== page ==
Hong Kong plans to set its first official poverty line in 2013. The threshold will be decided by a panel of experts at the Commission on Poverty but is expected to be set at half of the median household income.
Poverty line will be drawn this year, Matthew Cheung Kin-chung promises
Hong Kong's official poverty line will be drawn this year, welfare chief Matthew Cheung Kin-chung promised yesterday.
At a Legislative Council welfare panel meeting, the Secretary of Labour and Welfare also defended Chief Executive Leung Chun-ying's maiden policy address, which many in the social welfare circle had deemed "extremely disappointing" with nothing new being offered.
"There are a lot of new [welfare] plans, which I think people and the media have neglected," Cheung said.
He said that the government's step towards drawing a poverty line showed that the administration was determined to tackle the issue.
"The [poverty] line will help us identify the groups that are poor and measure the effectiveness of government measures," he said.
But many legislators said the proposed measures were shallow and short-term.
Civic Party lawmaker Ronny Tong Ka-wah said that a poverty line was not the answer.
"It's what policies we set up, what we choose to do after drawing the line that's important."
Apart from the poverty line, new government measures include extending the old age allowance or "fruit money" to elderly Hong Kong citizens living in Guangdong, and launching the much-debated increased allowance for elderly in need.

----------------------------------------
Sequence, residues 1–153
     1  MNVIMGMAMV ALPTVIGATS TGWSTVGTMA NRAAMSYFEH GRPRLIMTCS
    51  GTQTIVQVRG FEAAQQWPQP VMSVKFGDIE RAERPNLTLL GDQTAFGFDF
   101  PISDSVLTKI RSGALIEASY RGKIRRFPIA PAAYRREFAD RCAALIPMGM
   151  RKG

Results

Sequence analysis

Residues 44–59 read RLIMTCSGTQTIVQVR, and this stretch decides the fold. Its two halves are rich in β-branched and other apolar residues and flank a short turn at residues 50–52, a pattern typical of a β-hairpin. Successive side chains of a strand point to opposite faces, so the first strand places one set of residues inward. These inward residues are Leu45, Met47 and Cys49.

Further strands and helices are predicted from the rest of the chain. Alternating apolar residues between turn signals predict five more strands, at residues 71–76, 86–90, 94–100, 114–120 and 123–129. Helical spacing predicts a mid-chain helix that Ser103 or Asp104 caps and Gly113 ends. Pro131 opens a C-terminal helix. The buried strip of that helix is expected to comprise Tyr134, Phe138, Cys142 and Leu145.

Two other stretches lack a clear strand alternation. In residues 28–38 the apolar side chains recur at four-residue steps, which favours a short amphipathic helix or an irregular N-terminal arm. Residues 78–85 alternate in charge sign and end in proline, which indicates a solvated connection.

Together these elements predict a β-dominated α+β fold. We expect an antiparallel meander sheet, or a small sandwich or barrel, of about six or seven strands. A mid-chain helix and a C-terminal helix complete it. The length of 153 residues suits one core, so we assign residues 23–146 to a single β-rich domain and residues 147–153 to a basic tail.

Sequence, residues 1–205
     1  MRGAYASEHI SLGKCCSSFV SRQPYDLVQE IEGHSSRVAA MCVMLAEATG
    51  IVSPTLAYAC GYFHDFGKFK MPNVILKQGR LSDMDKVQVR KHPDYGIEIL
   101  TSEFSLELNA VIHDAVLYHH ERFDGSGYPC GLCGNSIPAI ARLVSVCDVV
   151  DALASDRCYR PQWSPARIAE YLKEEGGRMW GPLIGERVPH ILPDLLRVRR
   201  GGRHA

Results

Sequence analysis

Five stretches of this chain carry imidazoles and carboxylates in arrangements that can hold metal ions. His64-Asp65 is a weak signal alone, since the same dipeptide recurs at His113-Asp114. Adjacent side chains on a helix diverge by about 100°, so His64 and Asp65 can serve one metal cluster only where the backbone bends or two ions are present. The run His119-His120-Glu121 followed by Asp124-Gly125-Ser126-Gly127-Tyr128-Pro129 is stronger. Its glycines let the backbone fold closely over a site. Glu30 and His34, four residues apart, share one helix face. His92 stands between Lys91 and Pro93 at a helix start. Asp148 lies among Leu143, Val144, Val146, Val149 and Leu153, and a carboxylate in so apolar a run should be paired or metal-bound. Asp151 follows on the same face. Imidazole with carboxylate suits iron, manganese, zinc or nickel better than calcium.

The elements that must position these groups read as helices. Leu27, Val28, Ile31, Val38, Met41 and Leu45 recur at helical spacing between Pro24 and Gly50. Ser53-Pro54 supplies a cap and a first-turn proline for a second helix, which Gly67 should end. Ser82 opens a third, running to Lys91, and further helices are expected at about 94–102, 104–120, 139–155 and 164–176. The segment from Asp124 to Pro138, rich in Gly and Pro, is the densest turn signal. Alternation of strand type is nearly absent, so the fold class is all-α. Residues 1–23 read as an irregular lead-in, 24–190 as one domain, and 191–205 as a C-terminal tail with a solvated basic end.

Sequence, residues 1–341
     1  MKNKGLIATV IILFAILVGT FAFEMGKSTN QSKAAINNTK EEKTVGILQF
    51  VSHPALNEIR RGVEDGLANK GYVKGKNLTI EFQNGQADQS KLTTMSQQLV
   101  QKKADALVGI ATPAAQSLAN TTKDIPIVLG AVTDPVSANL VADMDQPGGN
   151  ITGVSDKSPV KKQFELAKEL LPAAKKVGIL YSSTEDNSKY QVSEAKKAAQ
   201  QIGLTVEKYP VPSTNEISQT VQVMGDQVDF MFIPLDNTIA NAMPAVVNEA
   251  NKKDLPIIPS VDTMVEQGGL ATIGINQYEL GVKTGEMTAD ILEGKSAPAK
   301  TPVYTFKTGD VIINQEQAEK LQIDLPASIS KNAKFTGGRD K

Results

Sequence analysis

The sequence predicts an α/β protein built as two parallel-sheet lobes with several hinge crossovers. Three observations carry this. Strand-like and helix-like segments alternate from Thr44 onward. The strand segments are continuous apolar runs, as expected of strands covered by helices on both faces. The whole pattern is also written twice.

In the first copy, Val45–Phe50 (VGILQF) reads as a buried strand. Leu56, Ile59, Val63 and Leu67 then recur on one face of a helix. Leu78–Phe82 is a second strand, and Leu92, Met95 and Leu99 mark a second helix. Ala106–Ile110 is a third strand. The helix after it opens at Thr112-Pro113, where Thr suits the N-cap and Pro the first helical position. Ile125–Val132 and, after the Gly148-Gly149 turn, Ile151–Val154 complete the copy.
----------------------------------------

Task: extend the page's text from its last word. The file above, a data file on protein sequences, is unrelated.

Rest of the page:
Cheung said that help for the disabled would also increase, in the wake of a scathing report at a United Nations meeting in Geneva last year which urged the Hong Kong government to do better.
Measures would include increasing daycare and care homes for the disabled, and extending the home care service for the severely disabled, which is running as a pilot scheme until February next year, he said.
But Labour Party lawmaker Dr Fernando Cheung Chiu-hung said the government was still not doing enough to plan for the future.
"[The government] still has no long-term plan," he said. "There are no figures, no research, no undertaking, no planning.
"There are currently 20,000 elderly people waiting for care home spaces, with some 5,000 dying while in line, and you increase spaces by only 1,700?
"There are over 700 children with special needs waiting for child-care help and they still need to wait three months?
"How can you call this planning?" Cheung asked.